Information watchdog demands change after two government departments break FoI laws within a month | Freedom of information

Two of the government’s biggest departments were found to have broken freedom of information law within a month of each other, prompting the watchdog to demand urgent explanations and reforms from both, documents show.

The Office of the Australian Information Commissioner (OAIC) last month found the Department of Foreign Affairs and Trade breached the law by dragging out and eventually refusing a request by lawyer and FoI specialist Peter Timmins, documents seen by Guardian Australia show.

Timmins had asked for a single, clearly-identified document – an audit of Australia’s engagement with multilateral bodies such as the World Health Organisation – but the department repeatedly missed legally-imposed deadlines, complaining that the request was complex and asking for more time.

Eventually, the department decided the document was, in fact, a cabinet document, causing it to refuse Timmins’ request.

Timmins complained to the OAIC about what he alleged were a litany of basic errors in the department’s handling of the request.

The watchdog told the department that, as well as breaching the law in the Timmins case, its general compliance with FoI rules had “diminished” in recent years. It met legally-imposed deadlines in just 68.4% of requests in 2020-21, a significant drop from 86% the year before.

The OAIC demanded “an explanation and assessment of the reasons for noncompliance … and proposals to improve compliance”.

It also told the department to appoint an information champion to “provide leadership, oversight and accountability necessary to promote and operationalise the department’s compliance with the FoI Act”.

The scathing assessment came within a month of a similar finding against another major department, the prime minister’s department, which was found to have broken the law in its response to an FoI request about its handling of the alleged rape of Brittany Higgins in Parliament House, Canberra.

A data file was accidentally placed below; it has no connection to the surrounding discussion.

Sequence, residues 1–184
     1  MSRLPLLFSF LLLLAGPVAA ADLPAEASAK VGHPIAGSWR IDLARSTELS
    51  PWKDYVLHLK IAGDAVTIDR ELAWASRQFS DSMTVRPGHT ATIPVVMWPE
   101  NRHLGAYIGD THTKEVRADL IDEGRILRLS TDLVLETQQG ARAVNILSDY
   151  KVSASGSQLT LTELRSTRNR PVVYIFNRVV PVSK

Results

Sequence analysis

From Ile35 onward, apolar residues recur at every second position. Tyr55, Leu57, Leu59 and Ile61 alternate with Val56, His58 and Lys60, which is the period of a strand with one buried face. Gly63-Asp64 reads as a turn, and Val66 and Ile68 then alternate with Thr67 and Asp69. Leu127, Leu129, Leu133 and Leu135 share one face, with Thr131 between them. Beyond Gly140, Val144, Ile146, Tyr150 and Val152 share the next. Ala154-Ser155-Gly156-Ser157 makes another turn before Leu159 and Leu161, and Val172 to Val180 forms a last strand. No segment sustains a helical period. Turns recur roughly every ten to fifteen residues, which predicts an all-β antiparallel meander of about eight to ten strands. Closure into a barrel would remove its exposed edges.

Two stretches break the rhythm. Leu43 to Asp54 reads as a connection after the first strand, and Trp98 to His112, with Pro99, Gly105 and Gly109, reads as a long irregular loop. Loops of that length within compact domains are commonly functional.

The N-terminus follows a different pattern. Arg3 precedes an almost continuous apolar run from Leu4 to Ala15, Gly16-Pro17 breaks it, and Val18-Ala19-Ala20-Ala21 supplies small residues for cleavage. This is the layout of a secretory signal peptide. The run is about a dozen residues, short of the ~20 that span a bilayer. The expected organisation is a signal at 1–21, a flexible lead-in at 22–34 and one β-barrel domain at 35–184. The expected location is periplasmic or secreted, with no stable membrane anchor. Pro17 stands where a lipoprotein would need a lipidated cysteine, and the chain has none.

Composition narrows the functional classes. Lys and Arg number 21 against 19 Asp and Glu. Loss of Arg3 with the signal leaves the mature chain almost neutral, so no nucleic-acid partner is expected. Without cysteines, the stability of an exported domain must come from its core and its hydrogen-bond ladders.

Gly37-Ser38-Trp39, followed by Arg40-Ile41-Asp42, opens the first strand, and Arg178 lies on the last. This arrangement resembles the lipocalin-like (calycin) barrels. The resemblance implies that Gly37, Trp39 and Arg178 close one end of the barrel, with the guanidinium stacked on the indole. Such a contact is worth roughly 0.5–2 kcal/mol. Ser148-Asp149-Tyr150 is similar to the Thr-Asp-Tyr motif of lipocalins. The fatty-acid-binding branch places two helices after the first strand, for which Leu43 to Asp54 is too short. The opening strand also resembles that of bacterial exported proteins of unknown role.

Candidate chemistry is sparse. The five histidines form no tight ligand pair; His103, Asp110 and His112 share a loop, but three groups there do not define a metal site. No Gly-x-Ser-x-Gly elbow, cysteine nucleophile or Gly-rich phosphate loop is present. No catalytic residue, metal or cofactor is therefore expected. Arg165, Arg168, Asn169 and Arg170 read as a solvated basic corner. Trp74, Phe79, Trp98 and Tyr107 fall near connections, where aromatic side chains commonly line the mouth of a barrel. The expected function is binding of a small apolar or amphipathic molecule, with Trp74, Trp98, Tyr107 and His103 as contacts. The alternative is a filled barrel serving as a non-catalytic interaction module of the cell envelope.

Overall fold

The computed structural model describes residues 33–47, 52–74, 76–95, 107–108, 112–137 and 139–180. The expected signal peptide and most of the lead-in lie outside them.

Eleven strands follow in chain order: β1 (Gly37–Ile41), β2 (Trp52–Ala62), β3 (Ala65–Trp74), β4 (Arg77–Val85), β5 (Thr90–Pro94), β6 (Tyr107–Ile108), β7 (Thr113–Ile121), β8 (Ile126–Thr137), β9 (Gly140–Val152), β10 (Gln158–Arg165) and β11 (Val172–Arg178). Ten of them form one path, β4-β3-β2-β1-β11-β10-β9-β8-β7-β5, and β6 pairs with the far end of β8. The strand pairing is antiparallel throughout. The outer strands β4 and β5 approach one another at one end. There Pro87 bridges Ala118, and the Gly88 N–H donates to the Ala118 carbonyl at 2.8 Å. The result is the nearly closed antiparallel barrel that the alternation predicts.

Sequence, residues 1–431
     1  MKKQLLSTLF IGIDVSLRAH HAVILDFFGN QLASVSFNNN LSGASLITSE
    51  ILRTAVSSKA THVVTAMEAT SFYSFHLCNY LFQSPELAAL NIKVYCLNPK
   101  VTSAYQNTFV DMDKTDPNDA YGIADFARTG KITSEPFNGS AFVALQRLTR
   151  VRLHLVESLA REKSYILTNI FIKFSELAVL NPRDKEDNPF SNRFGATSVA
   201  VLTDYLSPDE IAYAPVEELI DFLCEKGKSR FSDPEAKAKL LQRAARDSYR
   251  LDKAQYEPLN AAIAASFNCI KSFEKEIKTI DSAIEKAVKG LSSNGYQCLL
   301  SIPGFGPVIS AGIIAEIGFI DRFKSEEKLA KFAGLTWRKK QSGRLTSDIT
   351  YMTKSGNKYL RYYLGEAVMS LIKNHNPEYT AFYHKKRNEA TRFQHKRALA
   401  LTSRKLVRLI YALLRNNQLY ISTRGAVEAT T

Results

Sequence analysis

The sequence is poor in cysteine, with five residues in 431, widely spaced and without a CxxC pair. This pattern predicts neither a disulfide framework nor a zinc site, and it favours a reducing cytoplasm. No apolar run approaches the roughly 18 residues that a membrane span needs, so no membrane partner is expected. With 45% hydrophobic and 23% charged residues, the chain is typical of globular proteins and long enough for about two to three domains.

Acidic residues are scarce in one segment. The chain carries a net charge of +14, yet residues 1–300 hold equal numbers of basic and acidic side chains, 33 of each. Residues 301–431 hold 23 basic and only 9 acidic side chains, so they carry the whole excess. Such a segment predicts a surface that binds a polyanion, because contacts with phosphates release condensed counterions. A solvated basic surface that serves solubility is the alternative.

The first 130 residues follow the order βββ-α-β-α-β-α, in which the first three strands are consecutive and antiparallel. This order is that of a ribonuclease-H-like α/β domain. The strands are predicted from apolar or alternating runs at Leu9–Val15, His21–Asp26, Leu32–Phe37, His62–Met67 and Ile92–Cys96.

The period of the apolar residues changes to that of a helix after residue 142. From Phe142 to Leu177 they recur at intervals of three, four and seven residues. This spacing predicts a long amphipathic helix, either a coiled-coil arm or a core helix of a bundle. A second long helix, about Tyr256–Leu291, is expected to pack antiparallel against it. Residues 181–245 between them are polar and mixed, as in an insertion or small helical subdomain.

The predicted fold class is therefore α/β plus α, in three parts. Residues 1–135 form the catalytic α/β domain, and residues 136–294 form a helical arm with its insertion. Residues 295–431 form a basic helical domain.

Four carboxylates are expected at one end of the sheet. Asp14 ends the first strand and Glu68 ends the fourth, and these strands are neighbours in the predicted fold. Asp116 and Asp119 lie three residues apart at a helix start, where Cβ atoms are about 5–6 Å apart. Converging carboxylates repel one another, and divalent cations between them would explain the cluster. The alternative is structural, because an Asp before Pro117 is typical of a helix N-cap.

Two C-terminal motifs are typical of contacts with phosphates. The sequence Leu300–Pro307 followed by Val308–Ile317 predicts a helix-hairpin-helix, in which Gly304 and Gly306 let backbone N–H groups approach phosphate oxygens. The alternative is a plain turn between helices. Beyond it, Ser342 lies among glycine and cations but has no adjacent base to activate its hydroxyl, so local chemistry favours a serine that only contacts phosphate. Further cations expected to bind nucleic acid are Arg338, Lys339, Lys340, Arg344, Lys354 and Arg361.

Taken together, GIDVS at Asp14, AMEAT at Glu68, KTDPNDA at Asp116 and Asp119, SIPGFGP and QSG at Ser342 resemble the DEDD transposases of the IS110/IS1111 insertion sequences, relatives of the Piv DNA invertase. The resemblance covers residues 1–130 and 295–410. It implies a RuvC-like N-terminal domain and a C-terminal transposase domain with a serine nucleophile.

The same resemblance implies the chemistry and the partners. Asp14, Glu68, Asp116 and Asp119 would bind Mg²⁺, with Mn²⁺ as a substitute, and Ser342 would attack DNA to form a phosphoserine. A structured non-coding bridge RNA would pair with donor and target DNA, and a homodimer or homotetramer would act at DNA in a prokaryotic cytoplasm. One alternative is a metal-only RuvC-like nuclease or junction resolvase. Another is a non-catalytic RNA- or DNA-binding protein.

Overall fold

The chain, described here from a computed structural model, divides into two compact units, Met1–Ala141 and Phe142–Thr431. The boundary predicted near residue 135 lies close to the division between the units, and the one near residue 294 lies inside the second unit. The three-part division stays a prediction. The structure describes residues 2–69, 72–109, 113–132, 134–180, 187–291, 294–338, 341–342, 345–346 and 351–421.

That case also prompted the OAIC to recommend the department audit itself and report back on its “compliance with statutory timeframes”. It was also told to appoint an information champion to help it meet FoI law.

Timmins said it was “telling” that nearly 40 years after Australia embraced the right-to-know principle, departments like the foreign affairs and trade department were being told by the regulator to appoint senior figures to improve FoI compliance.

“We’ve never invested in or fully embraced the concept of open government,” he said. “The tone at the top set by the Morrison government is antithetical to the object of the FoI Act to promote Australia’s representative democracy by increasing public participation in government processes and promoting the scrutiny, discussion, comment and review of the government’s activities.”

The Guardian approached the department but did not receive a response by deadline.

In its response to the OAIC, the department accepted it “fell short in its compliance with statutory FoI timeframes in relation to Mr Timmins’ FoI requests”.

“This is largely a result of substantial increases in recent years in the number and complexity of FoI requests received by the department,” it said.

“The department takes seriously its FoI obligations and has taken steps to improve its FoI compliance.”

It also told the OAIC it accepted its recommendations.

The department earlier said the request was difficult because it was “connected to complex foreign policy issues concerning Australia’s engagement in international organisations”.

“The department, therefore, in processing the requests, adopted a careful approach to consultation and deliberation to mitigate the risk to Australia’s international relations and national interest.”

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